Smart stoves and ovens have a different play when hooked up to the Internet.  My favorite would be to warm up my oven as I’m heading home from the market.  Integrated temperature probes are popular with microwaves, but should be integrated into ovens as well.  Sensors that turn off that stove when the pot has boiled away all liquid would be a nice safety feature.  OK, all these features are nice, but what is the cost of the energy?  Again, some design work is needed to minimize energy consumption and still to maintain fast power ups.

Refrigerators have another option that was discussed briefly in an earlier post.  When it is cheaper to use electricity at night, a refrigerator can wait until night time to make the system extra cold so that it can more easily ride out usage during the day.  Note that if the building has solar power to augment the utility provided electricity, the solar power is “free” during the day and expensive at night.  Thus, it makes sense to keep the system extra cold during the day and to almost power off at night.

My current microwave’s defrost features are terrible.  Look, I want to defrost a steak quickly without partially cooking it.  I also don’t want to wait an hour defrosting a big chicken.  The smarts to do this are SMOP (“simply a matter of programming”).  My microwave gives me a ridiculous choice for defrosting options.  How about getting the right option off the Internet by scanning its bar code?  Also, a microwave should probably be hooked up to a digital scale to weigh things, but putting the scale into the microwave itself has its charm.  A lot of these features can be implemented without using too much excess energy.  In fact, considerable energy can be saved, simply by not overcooking things!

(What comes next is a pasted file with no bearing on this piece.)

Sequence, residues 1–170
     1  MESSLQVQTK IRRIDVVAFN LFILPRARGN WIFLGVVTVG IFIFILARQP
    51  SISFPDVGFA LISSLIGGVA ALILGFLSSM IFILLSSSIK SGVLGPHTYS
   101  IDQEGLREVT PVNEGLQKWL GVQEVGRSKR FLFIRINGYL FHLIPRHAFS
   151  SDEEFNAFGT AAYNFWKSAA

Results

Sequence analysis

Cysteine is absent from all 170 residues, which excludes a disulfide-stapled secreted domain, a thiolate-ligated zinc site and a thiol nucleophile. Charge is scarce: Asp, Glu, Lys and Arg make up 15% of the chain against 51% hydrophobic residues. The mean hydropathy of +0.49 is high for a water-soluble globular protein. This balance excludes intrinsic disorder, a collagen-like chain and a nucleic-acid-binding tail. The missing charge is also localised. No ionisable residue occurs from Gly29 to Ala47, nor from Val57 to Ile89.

Now, who is going to invent the “green” robot that does all my cooking for me?

Of course the moral here is that smart appliances are coming, and I hope that industry will embrace saving energy.


Google Buys Motorola


Google Buys Motorola

Well, today’s headline knocked my socks off!   I previously noted that Google was poorly “patent positioned” in the mobile space and was going to be increasingly challenged by patent holders.  This would potentially have damaged the Android mobile phone sector.  Now, armed with Motorola’s 17,000+ patent portfolio, Google can definitely play the patent exchange game with much greater power.  Let me illustrate.  I recall when Apple came to Digital with a claim that Digital was infringing on Apple’s claim to have invented the mouse.  It was more specific than that, but never-mind.  Digital countered by offering Apple to trade for a patent that claimed that Digital invented Ethernet.  The specifics aren’t important, but the issue went away with the trade of equally obtuse patents.

OK, that’s goodness for Android, but the Motorola purchase changes the dynamics of mobile computing tremendously.  Now, Android is no longer an operating system from a company that is hardware neutral, as was Microsoft in the formative PC days.  Now, Android is the product of a hardware vendor of cell phones and tablets.  Companies like Samsung, Nokia, and HTC have to rethink their strategy.  What was formally a no-brainer to adopt Android, is now a question of whether to use technology from a competitor.  What if Google were to decide to keep some OS technology for itself, or if it were to decide to charge for Android?  It also isn’t clear that Google won’t prioritize the development of Android features to favor its own (formerly Motorola) products.  Should a cell phone or tablet company hedge its bets and also support one or even two other operating system competitors to Android?

The Android Open Source Project (AOSP) officially maintains Android, but I don’t understand how its costs are covered.  My assumption has always been that Google covers most of the cost and has most of the influence.  It is one thing when Google makes such immense profits that Google’s Android development costs are lost in the expense round-off errors, and another if it gets public scrutiny. Of course, phone and tablet vendors could decide to equally fund AOSP, much like the “Gang of Nine” PC clone makers decided to fund EISA after IBM bullied the PC market with their proprietary Microchannel bus.  It will be interesting to see how Google will address this problem.

Another possibility is to hedge bets with another operating system.  Some cell phone makers already support Microsoft, and HP has WebOS.  My guess is that Microsoft’s OS will benefit from Google’s little dilemma, but I can only speculate on WebOS, which gets some good reviews in spite of HP’s meager market share.

My advice to Google:  Call in all your Android AOSP partners and address this RIGHT NOW.  Openness is really important to instill confidence and to keep the Android market penetration climbing.